The high point of the evening were the Irish step dancers. Step dancing had been a tradition at St Pat’s School for decades. My mother-in-law attended St Pats and took lessons back in the 1920s. When my time came around, it was common for boys and girls to go to the school hall each Saturday with their ghillies (soft shoes) and brogues (hard shoes) and Jim Madden would put them through their routines. Jim was a task master, but his mother (from Ireland) was a bit more brutal. When my own kids took part in competitions, at their first feis (competition) who was there but Jim Madden, a bit older, but still with perfect posture. The crowd at the auditorium always listened to see if the girls made their clicks with their hard shoes. Their green dresses with simple gold braiding seem plain compared to today’s outfits. (One of my daughter’s dresses cost $1500 and had to be imported from Ireland.) At that time, dancers could wear their medals won at feisana (competitions) and to see the medals all lift and fall to the beat of the music was part of the thrill.
Brenda in Step Dance Costume on Suffolk Street
At the end of the evening the pastor would always walk out and declare the news every schoolchild had been waiting to hear- there would be no school the next day. That did not mean you could sleep in the next morning. Mass was at 9 am, not just Mass, but Solemn High Mass. The celebrant wore the gold cope with the embroidered image of Patrick on the back. The opening song was “Hail Glorious Apostle Selected by God” and the closing would be “Hail Glorious St Patrick, Dear Saint of Our Isle.” Every seat in the church was filled. It was like Christmas when folks you hadn’t seen all year would show up. They were coming home.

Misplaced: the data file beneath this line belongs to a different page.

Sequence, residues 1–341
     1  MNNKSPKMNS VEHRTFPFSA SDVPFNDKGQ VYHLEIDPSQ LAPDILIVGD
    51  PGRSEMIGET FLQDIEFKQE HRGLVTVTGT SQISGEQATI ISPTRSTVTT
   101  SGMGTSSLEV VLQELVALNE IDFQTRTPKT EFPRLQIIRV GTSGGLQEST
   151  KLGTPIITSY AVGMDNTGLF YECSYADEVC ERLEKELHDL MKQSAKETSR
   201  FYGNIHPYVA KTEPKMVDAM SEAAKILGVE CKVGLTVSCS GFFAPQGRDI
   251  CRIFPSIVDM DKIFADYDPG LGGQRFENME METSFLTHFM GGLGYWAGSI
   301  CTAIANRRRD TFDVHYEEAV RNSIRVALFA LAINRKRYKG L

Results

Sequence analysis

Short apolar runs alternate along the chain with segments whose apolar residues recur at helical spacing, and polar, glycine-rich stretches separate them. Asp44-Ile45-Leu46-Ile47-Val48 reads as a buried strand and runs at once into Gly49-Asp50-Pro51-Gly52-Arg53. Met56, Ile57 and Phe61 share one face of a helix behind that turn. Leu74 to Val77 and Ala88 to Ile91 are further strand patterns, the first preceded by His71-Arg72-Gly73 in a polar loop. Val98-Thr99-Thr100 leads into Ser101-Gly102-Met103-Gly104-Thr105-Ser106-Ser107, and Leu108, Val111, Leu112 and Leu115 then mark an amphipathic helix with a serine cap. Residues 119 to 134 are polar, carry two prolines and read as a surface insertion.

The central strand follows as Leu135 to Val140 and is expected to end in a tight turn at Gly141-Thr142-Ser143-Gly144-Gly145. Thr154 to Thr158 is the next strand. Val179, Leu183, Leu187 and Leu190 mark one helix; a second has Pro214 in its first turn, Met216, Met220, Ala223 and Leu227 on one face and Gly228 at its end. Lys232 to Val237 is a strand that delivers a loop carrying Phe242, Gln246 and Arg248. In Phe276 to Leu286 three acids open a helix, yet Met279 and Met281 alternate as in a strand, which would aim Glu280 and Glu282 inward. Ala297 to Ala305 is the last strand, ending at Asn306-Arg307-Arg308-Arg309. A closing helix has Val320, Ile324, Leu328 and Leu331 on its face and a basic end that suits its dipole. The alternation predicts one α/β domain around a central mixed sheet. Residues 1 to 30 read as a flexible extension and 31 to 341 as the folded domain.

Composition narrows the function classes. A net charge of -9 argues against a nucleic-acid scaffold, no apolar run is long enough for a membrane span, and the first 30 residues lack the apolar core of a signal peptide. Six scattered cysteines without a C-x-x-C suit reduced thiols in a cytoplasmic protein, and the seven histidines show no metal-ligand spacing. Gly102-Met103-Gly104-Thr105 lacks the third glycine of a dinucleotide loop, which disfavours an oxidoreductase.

And then there was the feast, or so some say. Personally I can’t stand corned beef. I want to be very careful here when we talk about corned beef. Every Irish American talks about the sainted grandmother’s recipe for corned beef and cabbage she carried off the boat from Ireland. The debate about this can cause whole families to stop speaking to each other. Corned beef is not the most traditional of dishes in Ireland. At the time of our ancestors beef was pretty expensive. When they came to America beef was more accessible and corned beef fit right into their price range. So maybe Nana’s recipe isn’t so Irish. In my house, corned beef was served, but it was more likely to be a boiled ham shoulder with cabbage, turnips, and boiled potatoes. Hey the Irish have great humor, literature, music, and poetry. No one ever said they had haute cuisine. Then there’s the debate over soda bread. With caraway seeds or without? With raisins or currants? Let’s not forget the green beer too. To round off this Irish meal, my French mother would make cupcakes with green frosting, and then remind me that St Joseph Day was only 2 days away.